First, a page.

WTC Final: New Zealand needs to be at the top of its game on final day to beat India, says Tim Southee

New Zealand seamer Tim Southee says New Zealand will have a tough final day against a quality Indian batting lineup.

Tim Southee celebrates after the dismissal of Rohit Sharma on Day Five. - AP

Tim Southee has never played a six-day Test in his long international career and as he gears up for the final day of the World Test Championship summit clash against India, the New Zealand pace ace is excited.

“It's obviously unique for cricket, and with the weather that's been around, it's nice to have that extra day up our sleeve. It's very exciting any time you turn up to a Test match with all three results still possible on the last day,” Southee said in a media interaction on Tuesday.

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After managing a slender lead of 32 runs in the first innings, Southee grabbed two crucial wickets of Rohit Sharma and Shubman Gill in the final session to put New Zealand in a commanding position. But the seasoned campaigner believes that the first session on Wednesday will set the tone for an “intriguing day.”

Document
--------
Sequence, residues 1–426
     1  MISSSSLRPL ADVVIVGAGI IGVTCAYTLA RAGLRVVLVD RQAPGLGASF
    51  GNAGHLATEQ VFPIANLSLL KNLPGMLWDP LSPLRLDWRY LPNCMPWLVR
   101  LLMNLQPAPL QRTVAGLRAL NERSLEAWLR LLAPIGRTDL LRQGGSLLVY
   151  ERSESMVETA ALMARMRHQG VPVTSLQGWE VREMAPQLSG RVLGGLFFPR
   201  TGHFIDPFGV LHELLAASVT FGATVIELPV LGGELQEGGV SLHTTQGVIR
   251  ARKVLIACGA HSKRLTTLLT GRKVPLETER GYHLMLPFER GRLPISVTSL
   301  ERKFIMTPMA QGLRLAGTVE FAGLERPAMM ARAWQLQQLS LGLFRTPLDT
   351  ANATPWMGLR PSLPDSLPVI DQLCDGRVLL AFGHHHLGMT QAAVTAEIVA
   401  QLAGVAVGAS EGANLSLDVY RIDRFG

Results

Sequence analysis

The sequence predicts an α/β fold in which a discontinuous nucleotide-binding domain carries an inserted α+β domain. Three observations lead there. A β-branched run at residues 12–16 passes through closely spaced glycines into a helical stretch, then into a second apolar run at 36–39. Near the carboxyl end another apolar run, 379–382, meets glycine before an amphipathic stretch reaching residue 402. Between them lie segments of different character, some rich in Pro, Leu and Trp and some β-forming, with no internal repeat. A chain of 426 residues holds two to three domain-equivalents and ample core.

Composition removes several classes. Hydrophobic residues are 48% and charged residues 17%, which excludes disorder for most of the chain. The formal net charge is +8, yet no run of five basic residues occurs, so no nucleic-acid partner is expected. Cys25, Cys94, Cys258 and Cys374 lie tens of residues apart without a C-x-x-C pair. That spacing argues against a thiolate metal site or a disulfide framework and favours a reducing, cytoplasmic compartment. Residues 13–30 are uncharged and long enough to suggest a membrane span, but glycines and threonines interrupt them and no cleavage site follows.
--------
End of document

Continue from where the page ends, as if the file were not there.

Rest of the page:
“We'll rest up tonight, come tomorrow with a plan on how we want to attack the day. But yeah, it's exciting to end up on the last day of a Test match with three results still possible. Yeah, I think the first hour, first couple hours is very crucial tomorrow,” he said.

“We know we've got a tough day ahead of us. It's a quality Indian batting lineup with two of their best in the crease at the moment. We're going to have to be on top of our game tomorrow.”

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Even after restricting India to 217 in the first innings, New Zealand was languishing at 162 for six at one stage. But with the tail-enders - including Southee himself - holding fort, the Black Caps could eventually score 249.

 

“We would have liked to get a few more (runs), get a bit of lead of over 50, but I think the Indian side were outstanding with the ball and put us under pressure at the start of the day. So for us to sneak past and get a 30-odd run lead was nice in the end,” Southee said.

He also lauded captain Kane Williamson’s 49-run innings - which eventually helped New Zealand overcome the rough patch. “Obviously it was a tough time this morning. I think the Indian bowling asked a lot of tough questions and got off to a great start this morning and put us under a lot of pressure, and he (Williamson) was able to hang tight and dig deep and just sort of battle his way through what was a tough situation there for a while,” he said.

“He's a class player, and he's got a very sound offence that he was in full trust with, and as I say, it was a pretty testing time there with what the Indian pace attack was throwing at him.”

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